Friday, May 13, 2016

Do it for the clubs, PKNS!


Romance, excitement, upsets and giant killings feats are all trimmings of the FA Cup tournament and PKNS gave all of that en route to qualifying for the 2016 FA Cup final tomorrow against hot favourite and Malaysian football giant, Johor Darul Ta’zim.
PKNS (Perbadanan Kemajuan Negeri Selangor or State Development Corporation of Selangor) will be the first club to attempt to win the FA Cup since the competition was inaugurated in 1990.
Club-based football has been trying to make its mark on Malaysian football but has failed miserably thus far because in this country, it is all about state-based sentiments.
Besides, several clubs that tried to break the monopoly of states were hampered by a lack of resources, especially monetary, to sustain themselves.
Those clubs that have come on board are mainly employer-based and do well as long as there is support from management, but the moment there is a shift in top-level management or a change in company policy, the umbilical cord is severed.
Among the big spenders that did well in the past but could not withstand the test of time are MPPJ (Malaysia Cup champion in 2004), Malacca Telekom, Public Bank, Negri Sembilan Chempaka, UPD-MyTeam FC, Plus and MK Land, to name but a few.
Smaller clubs that folded after playing in the Premier League include Kuala Lumpur Malay Mail FC (2000-2002).
PKNS is one of the oldest clubs around, having been formed in 1967. From a powerhouse in the Selangor League, they went on to become one of the top clubs in FAM Cup, joint champions with Negri Sembilan Indians in 1978, winning it in 1979, and winning it again, in 2002. They were then admitted to the Premier League, where they remained for nine seasons before emerging the champion in 2011 and getting prompted to Super League. They won the Fair Play trophy in 2006 and were voted the Best Club in 2011.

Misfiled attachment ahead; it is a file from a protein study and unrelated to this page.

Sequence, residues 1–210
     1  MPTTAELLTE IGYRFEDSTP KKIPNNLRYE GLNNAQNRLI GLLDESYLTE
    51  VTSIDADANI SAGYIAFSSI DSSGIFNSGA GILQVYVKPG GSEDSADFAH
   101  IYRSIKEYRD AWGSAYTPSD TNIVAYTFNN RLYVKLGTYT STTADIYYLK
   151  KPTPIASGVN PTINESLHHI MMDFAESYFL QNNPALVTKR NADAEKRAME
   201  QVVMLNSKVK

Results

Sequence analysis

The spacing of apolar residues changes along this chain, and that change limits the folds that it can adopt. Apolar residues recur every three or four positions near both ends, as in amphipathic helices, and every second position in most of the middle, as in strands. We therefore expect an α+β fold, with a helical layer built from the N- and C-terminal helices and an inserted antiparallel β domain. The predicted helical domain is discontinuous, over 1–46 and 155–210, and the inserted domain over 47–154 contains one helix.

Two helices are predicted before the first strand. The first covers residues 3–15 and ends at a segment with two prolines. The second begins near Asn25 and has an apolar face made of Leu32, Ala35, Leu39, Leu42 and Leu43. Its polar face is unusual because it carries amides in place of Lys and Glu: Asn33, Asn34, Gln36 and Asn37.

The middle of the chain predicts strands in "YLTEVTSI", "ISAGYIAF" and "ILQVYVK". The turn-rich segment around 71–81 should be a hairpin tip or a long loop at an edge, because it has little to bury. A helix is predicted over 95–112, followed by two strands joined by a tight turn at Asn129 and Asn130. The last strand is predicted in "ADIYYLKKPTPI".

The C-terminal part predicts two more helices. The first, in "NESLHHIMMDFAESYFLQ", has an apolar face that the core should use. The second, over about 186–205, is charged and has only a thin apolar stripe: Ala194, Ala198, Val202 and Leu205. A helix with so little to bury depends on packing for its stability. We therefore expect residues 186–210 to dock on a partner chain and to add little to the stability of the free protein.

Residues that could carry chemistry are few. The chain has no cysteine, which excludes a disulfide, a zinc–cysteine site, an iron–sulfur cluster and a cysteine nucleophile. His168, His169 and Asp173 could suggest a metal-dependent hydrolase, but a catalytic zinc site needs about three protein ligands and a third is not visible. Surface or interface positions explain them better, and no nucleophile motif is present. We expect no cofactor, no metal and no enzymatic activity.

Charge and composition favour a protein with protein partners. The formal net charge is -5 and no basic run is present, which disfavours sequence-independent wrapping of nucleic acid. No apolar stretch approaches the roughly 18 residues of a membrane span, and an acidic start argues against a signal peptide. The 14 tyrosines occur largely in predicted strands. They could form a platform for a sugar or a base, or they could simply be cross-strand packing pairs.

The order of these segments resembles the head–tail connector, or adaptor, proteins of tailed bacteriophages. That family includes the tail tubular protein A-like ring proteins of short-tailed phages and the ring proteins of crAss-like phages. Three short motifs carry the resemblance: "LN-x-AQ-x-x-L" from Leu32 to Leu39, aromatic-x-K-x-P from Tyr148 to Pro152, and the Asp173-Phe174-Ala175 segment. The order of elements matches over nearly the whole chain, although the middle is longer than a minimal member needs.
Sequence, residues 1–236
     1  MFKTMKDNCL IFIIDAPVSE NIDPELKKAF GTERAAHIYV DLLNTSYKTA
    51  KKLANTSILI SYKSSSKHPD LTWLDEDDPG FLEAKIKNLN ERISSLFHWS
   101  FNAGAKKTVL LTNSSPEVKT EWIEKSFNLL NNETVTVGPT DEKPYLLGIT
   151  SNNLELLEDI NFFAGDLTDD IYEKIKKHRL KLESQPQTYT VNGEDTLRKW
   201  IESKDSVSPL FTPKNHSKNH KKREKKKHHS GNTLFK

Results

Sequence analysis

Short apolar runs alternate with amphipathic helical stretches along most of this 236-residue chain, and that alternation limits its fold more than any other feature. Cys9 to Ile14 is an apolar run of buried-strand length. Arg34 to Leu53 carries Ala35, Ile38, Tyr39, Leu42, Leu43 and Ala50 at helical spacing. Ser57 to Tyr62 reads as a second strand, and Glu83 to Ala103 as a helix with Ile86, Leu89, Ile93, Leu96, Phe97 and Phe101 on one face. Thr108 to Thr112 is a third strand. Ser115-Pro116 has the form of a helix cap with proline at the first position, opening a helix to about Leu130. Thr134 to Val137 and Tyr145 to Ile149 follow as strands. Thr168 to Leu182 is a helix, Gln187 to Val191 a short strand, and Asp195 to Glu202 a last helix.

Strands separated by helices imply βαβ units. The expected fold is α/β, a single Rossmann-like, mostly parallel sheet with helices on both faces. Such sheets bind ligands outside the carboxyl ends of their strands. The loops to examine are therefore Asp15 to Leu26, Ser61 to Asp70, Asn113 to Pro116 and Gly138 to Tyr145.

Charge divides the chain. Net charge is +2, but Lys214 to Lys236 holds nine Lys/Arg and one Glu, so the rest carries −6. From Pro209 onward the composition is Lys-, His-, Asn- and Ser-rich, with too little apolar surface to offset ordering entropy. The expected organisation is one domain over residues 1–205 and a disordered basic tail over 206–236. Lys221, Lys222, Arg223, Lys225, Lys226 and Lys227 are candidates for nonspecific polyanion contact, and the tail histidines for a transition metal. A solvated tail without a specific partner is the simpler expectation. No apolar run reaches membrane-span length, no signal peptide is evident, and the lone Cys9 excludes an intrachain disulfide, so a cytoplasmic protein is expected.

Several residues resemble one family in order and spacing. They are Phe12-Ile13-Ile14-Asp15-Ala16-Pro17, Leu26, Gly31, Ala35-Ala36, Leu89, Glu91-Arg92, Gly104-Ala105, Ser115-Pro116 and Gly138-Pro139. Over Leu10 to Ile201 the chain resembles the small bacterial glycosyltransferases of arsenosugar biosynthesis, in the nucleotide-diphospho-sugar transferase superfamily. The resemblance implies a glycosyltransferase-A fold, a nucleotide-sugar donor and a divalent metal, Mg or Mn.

Other club teams in the Malaysian League are relatively newcomers as compared to PKNS in Felda United who are currently heading the Super League table and T-Team, while in the Premier League together with PKNS are DRB-Hicom, Uitm and Sime Darby.
If PKNS, currently back in the Premier League, bag the FA Cup, they will be the first club to do so.
Indeed, PKNS have a proud history as they have not only been a club for players to pursue their football career but also a place of employment.
In the 1970s and 1980s, when professional football was an alien term, PKNS were already a "professional club" under the leadership of former Menteri Besar Datuk Seri Harun Idris, who was considered the godfather of Selangor football. The club excelled as top management prioritised sport.
In fact, the late Mokhtar Dahari and R. Arumugam, Walter Biggs, Hanapiah Ali, Reduan Abdullah, brothers Shah Norbit and Zulkifli, Khadhir Buyong, Quah Swee Leong and K. Rajagobal played for PKNS.
PKNS not only is big in football but the sports club also excel in many other sports like hockey, athletics, basketball and others.
The club have their own facilities for sports activities in the form of the PKNS Sports Complex, which boasts two football fields. They are also big on football development with a Football Academy in place.
Leading the club today is their first woman chairperson, Siti Zubaidah Abdul Jabar.
Winning the FA Cup final will see PKNS earn a place in the AFC Cup next year, which alone should be enough incentive for the team to rise to the occasion and take the club to the next level – international.
The odds may be stacked heavily against PKNS but the FA Cup is, after all, about upsets and could well see coach E. Elavarasan steer his team to victory.
It may be a long shot but no other club deserves the impossible dream more than PKNS. Win or lose, the players would have done their club proud and should walk tall with their heads held high no matter what the outcome.
PKNS would do club football a great favour if they won because that would underline the fact that club football is alive and can make the cut.
And what better time for PKNS to stamp their authority and win more fans than now when "big brother" Selangor is facing turbulence after having been ousted out of the FA Cup and AFC Cup and still trying to find a firm footing in the M-League.
The club have only ordered 10,000 tickets for their fan base but that could easily double if they captured the FA Cup and converted some of the Red Giants to Red Ants.
PKNS’ mantra for the night should be "nothing is impossible".

TONY is a sports
journalist with more than
three decades of experience
and is passionate about
local sports.
He can be reached at
Twitter: @tmariadass​

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